Newspaper industry shuns anti-bullying conference
Ellie Peers, Writers' Guild: often difficult for freelances to complain - © jess hurd
Catherine Mallyon, RSC: drew up respect policy - © jess hurd
Alex Efthymiades: make sure there are informal ways of solving conflict - © jess hurd
28 November 2016
The newspaper industry was conspicuous by its absence at a unions' and employers' event in November which shared good practice in tackling bullying in the media and arts.
The Federation of Entertainment Unions (FEU) conference Positive Strategies for Resolving Conflict, in east London, brought together leaders and HR staff from creative organisations such as the Royal Shakespeare Company (RSC), ITV, the BBC, TV production companies, Scottish Ballet, orchestras including The Hallé and City of Birmingham Symphony Orchestra (CSBO), National Theatre and the English National Opera among others.
Representatives from the newspaper were invited, but did not turn up, which was a shame as an FEU survey of 4,000 workers in the creative industries showed bullying in this sector was “exceptionally high”.
The survey also showed more than half of those questioned said they had been intimidated, harassed or discriminated against at work. The FEU held a consultation with its members to discuss the findings and to compile a range of guides to help reps deal with members experiencing the problem. It then created an industry-wide code of practice for employers.
The participants heard that outrageous behaviour in the competitive creative industries, particularly from the so-called talent and maestros, has for too long been accepted as part of the territory. People fear the “power of talent” and the consequences of speaking out.
As the FEU survey revealed, peer to peer bullying between musicians, actors, dancers, reporters and writers was also rife.
Ellie Peers, acting general secretary of the Writers’ Guild of Great Britain (WGGB), pointed out the high proportion of freelances in the arts and media created a particular problem: “Many fear they will be labelled a trouble-maker or that reporting bullying and harassment could affect their future employment,” she said. “Only a third of those surveyed by the FEU who suffered bullying and harassment reported the incidents.”
Organisations which tolerated bullying risked damaging the health of employees and faced reputational risk, she said. Companies which became known for treating staff badly would not attract top people and could lead to expensive legal consequences. The Jimmy Savile case may be an extreme, but it happened – and with very serious outcomes.
An important element of the day was sharing experiences and good practice. Chairing a panel session, Horace Trubridge, the Musicians’ Union’s assistant general secretary, said he wanted to dismiss the myth that artists are expected to suffer if they are to attain a higher professional level.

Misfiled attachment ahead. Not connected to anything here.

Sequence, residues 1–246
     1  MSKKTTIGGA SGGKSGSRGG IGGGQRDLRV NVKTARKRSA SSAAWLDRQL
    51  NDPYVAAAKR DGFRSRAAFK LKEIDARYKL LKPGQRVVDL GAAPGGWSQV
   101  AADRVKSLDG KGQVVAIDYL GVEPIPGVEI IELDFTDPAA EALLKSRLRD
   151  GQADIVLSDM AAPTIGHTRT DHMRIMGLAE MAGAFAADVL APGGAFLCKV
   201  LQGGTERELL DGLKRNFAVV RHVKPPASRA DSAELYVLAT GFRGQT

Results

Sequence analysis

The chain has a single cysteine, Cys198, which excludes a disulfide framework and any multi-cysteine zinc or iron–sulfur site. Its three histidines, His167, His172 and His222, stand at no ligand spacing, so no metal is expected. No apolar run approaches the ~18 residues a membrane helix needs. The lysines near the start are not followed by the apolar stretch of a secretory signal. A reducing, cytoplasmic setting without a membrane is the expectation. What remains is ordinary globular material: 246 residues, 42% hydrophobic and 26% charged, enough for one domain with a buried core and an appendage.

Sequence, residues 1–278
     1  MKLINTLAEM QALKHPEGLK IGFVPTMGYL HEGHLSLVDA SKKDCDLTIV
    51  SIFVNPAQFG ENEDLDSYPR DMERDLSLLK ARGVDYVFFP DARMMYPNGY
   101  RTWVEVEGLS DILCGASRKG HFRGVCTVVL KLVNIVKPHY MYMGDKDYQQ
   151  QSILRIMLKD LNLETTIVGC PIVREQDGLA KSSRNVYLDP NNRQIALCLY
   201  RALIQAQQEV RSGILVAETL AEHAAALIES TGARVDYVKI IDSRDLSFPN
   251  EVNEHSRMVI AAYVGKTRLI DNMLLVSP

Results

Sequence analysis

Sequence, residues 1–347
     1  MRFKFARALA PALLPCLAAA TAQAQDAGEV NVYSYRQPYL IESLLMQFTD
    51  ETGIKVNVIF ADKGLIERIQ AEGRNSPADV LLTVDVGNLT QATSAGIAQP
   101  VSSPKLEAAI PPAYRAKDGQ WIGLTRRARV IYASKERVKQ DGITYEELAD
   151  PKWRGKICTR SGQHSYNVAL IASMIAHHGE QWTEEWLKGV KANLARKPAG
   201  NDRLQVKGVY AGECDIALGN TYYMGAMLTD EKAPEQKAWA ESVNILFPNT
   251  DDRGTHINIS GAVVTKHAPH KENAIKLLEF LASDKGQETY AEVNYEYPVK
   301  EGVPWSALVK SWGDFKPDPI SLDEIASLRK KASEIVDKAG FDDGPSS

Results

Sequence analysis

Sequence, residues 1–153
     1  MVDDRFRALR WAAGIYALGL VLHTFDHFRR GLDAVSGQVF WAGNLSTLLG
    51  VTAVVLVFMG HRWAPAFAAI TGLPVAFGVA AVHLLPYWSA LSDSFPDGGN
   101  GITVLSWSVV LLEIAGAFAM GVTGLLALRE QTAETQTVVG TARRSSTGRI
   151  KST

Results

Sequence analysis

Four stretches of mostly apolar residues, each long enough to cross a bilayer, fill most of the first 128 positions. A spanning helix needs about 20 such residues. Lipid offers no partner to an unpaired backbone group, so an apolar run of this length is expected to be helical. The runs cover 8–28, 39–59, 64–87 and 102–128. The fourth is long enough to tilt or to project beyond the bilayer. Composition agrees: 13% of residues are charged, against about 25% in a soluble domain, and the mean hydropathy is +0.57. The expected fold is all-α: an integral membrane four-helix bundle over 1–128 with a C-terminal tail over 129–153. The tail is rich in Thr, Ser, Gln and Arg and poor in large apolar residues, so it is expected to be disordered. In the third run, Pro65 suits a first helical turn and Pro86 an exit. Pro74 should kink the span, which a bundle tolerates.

Catherine Mallyon, executive director of the RSC, said the organisation recognised it had a problem with bullying and set out to tackle it with a series of working groups to discuss the issue. The company then instituted a respect policy which involved agreeing to a set of values and setting expectations of behaviour. Copies of the policy are put in prominent places. The RSC said it expected staff to respect each other’s skills and expertise; to listen to the ideas of others; consider the impact their behaviour had on others, to support each other and to collaborate on working together to create a healthy, happy and safe environment for all.
“We did wonder about the word happiness,” she said, “but, while we can’t sort out world happiness, we felt we could aspire to it within the RSC.”
The policy and its bold posters advertising it had to sit alongside others, she said, such as equal opportunities, health and safety, a whistle-blowing – now renamed speaking up – policy and training and development. The respect policy was something, she said, that needed to be constantly maintained and developed.
Charlotte Jones is chief executive of the Independent Theatre Council (ITC) which works with more than 400 companies, many of them small, many of them without an HR department. She said: “Good art thrives on good management. Our members are artists who suddenly find themselves as managers, which can be an isolating and difficult experience. One of the biggest problems is the maxim that the show must go on. The arts can be dominating and tyrannical. People are not props and they must be put before profit; show business must realise that people are more important than the show.”
Alex Efthymiades, is director of Consensio, a leading workplace mediation company which works with a range of firms, including the BBC. She said managing relationships must be seen as a strategic priority by arts and media organisations. Pressures of deadlines could lead to conflict between people who feel under stress.
It is better, she said, to provide informal procedures for resolution before getting into grievance situations. The BBC was training a group of people in the organisation to act as mediators. Organisations should also take stock of their culture, and use an inclusive, collaborative approach which embraces management, HR, the unions and staff to set up anti-bullying frameworks. “Conflict is not always bad,” Alex said. “Sometimes organisations need it to develop and create change, but it must be carefully managed. If it exists in a healthy environment, it can be creative rather than destructive.”
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